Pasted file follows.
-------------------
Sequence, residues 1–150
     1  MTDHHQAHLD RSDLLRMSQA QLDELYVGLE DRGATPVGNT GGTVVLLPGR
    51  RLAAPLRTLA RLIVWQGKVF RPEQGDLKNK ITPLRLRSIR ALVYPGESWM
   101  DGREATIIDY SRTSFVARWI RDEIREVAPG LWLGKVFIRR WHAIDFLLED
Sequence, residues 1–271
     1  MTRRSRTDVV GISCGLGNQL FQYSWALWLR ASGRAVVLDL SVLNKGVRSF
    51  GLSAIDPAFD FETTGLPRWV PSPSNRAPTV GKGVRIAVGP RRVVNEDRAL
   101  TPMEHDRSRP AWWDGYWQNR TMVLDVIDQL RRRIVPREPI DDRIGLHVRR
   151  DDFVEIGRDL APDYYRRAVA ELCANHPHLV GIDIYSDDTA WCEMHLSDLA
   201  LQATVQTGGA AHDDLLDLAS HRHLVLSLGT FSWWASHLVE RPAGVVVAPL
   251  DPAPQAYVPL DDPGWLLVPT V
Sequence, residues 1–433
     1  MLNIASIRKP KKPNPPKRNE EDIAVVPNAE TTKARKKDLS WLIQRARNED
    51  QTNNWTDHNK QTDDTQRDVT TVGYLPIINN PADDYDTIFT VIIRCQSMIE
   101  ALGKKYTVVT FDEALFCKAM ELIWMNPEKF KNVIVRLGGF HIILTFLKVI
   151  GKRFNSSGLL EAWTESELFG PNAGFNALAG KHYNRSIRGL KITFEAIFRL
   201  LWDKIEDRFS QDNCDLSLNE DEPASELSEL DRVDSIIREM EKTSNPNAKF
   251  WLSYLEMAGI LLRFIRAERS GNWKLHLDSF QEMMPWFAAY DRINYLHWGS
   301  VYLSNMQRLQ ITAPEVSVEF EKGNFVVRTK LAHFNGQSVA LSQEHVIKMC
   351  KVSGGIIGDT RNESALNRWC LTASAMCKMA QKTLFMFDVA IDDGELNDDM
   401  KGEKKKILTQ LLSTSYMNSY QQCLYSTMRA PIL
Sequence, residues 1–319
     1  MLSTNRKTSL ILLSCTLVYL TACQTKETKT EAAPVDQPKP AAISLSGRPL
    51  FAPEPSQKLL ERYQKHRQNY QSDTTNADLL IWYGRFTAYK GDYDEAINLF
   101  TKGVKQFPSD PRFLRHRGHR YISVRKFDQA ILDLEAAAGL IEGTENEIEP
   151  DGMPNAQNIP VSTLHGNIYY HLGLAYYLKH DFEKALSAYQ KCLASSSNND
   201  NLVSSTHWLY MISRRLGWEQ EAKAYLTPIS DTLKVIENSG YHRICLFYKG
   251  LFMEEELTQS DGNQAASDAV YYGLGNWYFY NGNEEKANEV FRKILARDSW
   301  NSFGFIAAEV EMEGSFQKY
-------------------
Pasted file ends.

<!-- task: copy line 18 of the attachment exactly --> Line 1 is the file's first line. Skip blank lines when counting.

   251  WLSYLEMAGI LLRFIRAERS GNWKLHLDSF QEMMPWFAAY DRINYLHWGS